Trinity Rep's Fifty-First Season is a Winner
At age fifty-one, Trinity Rep is officially over the hill — but more ambitious than ever. The newest season boasts drama, comedy, romance and, you guessed it, some serious Christmas cheer.
In an email to board members last Friday, Artistic Director Curt Columbus released the details of Trinity Repertory Company’s 2014–2015 season, which opens in fall. Here’s what he had to say about it: “In putting together our upcoming season, we wanted to take audiences on a dramatic voyage courtesy of some of the world’s greatest playwrights and, of course, bring their work to life with that inimitable Trinity Rep flair — with performances that are electric, immediate, funny as anything and daring to chart new territory. We wanted to focus on great writers as our entry point, since we will have a world premiere musical as well as a world premiere adaptation in the season.”
It all kicks off with the latest adaptation from Columbus: Anton Chekhov’s Ivanov, aka the “comic Russian Hamlet.” If you remember anything about Columbus’s celebrated translation/adaptation project, Crime and Punishment, then you, too, are skipping right over summer and dreaming of fall (read my review here).
Bonus: Ivanov will be directed by Trinity’s Brian McEleney, who knocked our socks off with this season’s excellent production of Grapes of Wrath (so good, I muffled my snivels with the closest thing on hand: the promotional program). Like Grapes, Ivanov will also feature music by artists from the Brown/Trinity MFA program. Read associate editor Jen McCaffery’s review of Grapes of Wrath here.
The season continues with Neil Simon’s Barefoot in the Park, which will run in the Dowling Theater while company favorite A Christmas Carol, extended through New Year’s Eve, is staged upstairs. Barefoot in the Park is a romantic comedy about newlyweds establishing a life for themselves in 1960s New York City. The play stars new company members Becky Gibel and Charlie Thurston, who we learned in our August 2013 story “Master Class” are engaged to be married. Sing it together, now: awwww.
After the holiday season, Columbus will direct the “bittersweet metaphysical gem” Middletown by Massachusetts-born playwright Will Eno. The New York Times described Eno as “A Samuel Beckett for the Jon Stewart generation,” so expect to laugh — albeit at yourself and your neighbors; it’s play that cuts to the heart of every small town.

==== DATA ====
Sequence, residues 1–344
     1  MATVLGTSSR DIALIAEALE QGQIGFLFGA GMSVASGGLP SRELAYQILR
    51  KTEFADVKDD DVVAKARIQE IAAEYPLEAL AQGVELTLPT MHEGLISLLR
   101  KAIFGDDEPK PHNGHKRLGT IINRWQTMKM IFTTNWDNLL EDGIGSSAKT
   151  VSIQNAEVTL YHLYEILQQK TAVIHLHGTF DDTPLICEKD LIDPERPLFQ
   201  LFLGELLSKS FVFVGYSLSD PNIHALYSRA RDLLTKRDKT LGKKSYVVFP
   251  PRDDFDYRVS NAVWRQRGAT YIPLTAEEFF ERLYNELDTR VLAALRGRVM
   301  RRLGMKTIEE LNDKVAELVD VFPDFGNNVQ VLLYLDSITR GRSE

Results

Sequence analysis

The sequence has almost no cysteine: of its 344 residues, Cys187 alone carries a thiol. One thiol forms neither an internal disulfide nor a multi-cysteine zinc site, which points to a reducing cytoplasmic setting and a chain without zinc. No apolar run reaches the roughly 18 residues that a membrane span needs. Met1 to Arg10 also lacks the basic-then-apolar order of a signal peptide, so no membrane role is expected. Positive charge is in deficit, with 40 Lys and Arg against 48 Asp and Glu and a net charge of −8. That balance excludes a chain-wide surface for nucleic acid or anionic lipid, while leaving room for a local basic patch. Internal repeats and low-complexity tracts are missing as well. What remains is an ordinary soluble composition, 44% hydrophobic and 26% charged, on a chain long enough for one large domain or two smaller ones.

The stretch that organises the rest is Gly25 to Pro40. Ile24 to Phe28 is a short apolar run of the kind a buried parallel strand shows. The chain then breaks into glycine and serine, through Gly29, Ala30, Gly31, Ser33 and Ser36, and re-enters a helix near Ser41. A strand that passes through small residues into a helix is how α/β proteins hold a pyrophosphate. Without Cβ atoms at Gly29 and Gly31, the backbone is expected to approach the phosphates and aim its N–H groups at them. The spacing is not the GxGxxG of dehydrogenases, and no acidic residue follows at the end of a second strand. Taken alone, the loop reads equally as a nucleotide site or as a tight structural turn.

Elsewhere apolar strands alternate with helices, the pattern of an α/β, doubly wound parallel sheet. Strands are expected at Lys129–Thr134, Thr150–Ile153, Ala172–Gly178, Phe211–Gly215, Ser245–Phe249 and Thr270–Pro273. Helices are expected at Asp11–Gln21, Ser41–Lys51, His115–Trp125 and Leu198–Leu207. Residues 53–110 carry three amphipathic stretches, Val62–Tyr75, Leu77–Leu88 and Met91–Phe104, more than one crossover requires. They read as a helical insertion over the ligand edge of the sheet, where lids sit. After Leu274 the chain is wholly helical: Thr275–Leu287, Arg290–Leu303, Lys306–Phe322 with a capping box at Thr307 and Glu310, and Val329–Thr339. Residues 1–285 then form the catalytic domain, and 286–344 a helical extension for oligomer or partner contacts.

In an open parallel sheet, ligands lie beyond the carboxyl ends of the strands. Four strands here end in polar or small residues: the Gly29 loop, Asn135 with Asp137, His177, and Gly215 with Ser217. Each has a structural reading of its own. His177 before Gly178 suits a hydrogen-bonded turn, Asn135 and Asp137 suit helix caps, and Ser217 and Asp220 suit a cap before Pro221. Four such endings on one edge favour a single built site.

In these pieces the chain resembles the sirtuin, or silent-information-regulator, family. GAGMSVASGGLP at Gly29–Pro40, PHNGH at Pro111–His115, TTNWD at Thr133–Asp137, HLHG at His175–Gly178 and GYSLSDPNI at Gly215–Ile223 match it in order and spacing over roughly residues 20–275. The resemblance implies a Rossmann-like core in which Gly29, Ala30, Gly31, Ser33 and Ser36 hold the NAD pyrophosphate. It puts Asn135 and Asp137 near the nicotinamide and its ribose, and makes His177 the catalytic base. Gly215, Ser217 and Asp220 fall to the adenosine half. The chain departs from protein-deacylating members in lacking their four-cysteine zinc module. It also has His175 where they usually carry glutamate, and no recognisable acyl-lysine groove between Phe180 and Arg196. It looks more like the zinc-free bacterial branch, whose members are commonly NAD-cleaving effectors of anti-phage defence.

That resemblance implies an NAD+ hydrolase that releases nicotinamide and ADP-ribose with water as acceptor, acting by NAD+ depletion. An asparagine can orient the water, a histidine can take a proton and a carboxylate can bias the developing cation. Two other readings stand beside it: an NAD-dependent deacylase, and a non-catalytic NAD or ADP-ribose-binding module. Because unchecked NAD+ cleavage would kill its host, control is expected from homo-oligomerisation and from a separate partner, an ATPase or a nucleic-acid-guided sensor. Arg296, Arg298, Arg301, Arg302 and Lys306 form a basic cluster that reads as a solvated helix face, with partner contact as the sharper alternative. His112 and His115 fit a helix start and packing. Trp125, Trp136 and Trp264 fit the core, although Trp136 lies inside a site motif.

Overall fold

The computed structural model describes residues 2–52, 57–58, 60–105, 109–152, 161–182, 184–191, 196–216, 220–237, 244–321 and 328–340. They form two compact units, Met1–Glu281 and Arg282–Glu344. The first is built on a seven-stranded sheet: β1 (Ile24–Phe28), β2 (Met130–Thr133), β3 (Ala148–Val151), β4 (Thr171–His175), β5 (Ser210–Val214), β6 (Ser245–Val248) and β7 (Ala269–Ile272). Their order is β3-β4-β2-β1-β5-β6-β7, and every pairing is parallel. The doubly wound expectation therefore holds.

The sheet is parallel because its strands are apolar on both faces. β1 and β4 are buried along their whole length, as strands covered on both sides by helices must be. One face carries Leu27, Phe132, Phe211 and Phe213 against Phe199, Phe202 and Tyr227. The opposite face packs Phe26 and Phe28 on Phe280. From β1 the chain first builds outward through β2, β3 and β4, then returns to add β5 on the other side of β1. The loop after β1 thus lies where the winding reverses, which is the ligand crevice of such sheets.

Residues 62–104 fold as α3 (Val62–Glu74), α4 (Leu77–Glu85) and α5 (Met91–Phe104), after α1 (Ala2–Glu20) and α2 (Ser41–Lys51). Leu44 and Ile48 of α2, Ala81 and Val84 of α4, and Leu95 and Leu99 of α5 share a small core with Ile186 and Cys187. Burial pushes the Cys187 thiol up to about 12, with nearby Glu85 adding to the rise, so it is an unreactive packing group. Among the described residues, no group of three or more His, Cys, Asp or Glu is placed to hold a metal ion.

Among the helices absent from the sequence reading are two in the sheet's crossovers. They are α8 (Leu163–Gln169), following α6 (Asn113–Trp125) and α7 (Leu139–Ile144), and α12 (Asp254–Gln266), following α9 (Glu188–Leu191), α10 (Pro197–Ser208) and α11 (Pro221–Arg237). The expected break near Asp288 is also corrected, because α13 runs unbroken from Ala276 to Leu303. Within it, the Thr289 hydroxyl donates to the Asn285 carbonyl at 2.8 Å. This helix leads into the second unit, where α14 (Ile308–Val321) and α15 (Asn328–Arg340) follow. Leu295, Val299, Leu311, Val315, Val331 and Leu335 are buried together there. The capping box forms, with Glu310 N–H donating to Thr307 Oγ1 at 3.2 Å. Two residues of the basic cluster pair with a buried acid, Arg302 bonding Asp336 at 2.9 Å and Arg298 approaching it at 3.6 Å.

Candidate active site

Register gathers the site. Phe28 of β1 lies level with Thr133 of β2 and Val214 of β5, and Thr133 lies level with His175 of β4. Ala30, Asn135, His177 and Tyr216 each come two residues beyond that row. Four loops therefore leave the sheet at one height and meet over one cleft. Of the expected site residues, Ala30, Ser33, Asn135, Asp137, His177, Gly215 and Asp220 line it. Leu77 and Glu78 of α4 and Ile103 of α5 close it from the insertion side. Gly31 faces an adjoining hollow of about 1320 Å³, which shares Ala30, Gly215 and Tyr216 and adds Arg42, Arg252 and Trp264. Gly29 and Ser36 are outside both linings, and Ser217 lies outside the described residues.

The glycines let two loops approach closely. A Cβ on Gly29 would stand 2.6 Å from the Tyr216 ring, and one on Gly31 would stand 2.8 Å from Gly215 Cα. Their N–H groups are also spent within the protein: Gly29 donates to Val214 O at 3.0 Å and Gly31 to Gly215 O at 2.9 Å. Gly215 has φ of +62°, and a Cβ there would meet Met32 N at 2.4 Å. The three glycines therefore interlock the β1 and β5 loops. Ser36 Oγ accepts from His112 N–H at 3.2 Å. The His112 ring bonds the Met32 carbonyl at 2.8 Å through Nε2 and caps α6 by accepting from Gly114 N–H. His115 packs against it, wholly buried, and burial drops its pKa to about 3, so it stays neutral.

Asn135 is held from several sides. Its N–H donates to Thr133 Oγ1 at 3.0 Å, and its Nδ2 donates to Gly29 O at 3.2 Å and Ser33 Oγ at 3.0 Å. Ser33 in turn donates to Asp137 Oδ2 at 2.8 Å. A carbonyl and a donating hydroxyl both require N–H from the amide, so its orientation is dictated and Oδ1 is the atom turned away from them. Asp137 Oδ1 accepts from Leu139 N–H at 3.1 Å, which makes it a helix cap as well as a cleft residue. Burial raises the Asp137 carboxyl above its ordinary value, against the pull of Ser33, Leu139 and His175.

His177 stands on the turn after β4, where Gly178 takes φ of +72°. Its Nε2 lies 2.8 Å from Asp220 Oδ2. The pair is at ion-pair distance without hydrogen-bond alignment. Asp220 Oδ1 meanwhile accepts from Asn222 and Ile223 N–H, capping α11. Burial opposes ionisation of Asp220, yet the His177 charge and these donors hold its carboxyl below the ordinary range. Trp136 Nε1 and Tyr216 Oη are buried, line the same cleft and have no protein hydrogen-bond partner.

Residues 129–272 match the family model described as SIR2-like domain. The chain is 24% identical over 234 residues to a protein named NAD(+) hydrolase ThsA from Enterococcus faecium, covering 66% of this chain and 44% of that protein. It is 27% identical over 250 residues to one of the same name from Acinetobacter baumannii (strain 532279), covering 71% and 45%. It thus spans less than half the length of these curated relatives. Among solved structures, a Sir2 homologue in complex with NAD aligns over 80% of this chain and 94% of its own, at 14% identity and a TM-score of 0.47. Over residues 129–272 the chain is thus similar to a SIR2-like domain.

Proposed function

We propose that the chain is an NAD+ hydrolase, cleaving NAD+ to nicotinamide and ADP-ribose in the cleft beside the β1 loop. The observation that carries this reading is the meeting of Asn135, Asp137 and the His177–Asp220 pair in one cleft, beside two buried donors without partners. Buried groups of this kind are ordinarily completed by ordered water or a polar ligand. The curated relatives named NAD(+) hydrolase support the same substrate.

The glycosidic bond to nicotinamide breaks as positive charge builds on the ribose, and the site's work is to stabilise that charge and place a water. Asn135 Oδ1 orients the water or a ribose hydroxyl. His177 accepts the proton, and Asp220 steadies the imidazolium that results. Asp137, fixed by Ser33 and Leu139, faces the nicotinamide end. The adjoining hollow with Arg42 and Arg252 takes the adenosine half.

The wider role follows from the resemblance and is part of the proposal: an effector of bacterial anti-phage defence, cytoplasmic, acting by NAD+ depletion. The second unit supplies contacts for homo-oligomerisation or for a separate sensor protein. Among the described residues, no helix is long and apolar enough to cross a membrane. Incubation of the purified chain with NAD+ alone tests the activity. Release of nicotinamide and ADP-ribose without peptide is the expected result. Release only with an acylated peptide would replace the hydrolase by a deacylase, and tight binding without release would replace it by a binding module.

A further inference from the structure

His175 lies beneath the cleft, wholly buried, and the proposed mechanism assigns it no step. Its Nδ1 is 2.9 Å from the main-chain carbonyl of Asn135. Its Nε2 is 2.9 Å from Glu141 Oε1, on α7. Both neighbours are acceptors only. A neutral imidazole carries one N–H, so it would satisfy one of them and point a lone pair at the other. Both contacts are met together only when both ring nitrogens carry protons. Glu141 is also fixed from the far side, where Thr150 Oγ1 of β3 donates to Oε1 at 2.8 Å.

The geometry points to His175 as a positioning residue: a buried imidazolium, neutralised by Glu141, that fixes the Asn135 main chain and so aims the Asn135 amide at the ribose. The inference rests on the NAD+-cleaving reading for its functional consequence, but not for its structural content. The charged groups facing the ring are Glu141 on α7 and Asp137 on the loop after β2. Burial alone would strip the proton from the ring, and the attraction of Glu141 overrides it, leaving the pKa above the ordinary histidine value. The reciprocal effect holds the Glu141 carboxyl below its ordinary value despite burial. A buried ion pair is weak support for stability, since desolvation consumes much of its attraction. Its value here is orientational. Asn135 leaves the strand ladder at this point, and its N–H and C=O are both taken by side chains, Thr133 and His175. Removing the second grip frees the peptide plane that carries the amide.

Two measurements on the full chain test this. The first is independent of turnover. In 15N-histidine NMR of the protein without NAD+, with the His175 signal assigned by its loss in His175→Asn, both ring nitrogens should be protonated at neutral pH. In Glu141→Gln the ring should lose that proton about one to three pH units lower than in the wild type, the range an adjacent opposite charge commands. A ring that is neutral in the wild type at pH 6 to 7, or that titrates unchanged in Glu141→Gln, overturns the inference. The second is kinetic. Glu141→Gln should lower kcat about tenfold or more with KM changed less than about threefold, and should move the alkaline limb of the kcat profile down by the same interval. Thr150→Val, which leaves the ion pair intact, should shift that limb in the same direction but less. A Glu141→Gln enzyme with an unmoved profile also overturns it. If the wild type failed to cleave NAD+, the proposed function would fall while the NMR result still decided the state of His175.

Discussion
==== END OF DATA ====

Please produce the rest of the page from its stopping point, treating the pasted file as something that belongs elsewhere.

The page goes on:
Get your comedic fill, then return for some serious theater that explores “…longing, unfulfilled dreams and the power of memory [and] is considered by many to be one of the greatest American plays ever written,” wrote Columbus in the release. Brian Mertes (Crime and Punishment, Clybourne Park) will direct Trinity’s take on The Glass Menagerie, the semi-autobiographical tale that elevated Tennessee Williams to his rightful place in the American canon.
Then comes George Feydeau’s hilarious French farce, A Flea in Her Ear, which was written during Paris’s Belle Époque and follows Raymonde and Victor, a married couple that turns against one another after some problems in the bedroom. It’ll be directed by Trinity’s Tyler Dobrowsky, the man at the helm of A Christmas Carol for the last two seasons.
The rich, diverse season closes with the world premiere of a musical adaptation of Sarah Ruhl’s Melancholy Play, which features a new score by composer Todd Almond. According to Columbus, “What’s interesting about this play is that people will say, ‘Oh no, Melancholy Play, it must be sad,’ but its title is part of the joke. The play is about a woman so beautifully sad that everyone falls in love with her. But what happens when their love actually makes her happy?”
Sad, happy, a little bit of both — Melancholy Play is a great way to reflect on a season of irrefutable winners. Visit trinityrep.com for information on purchasing a season subscription.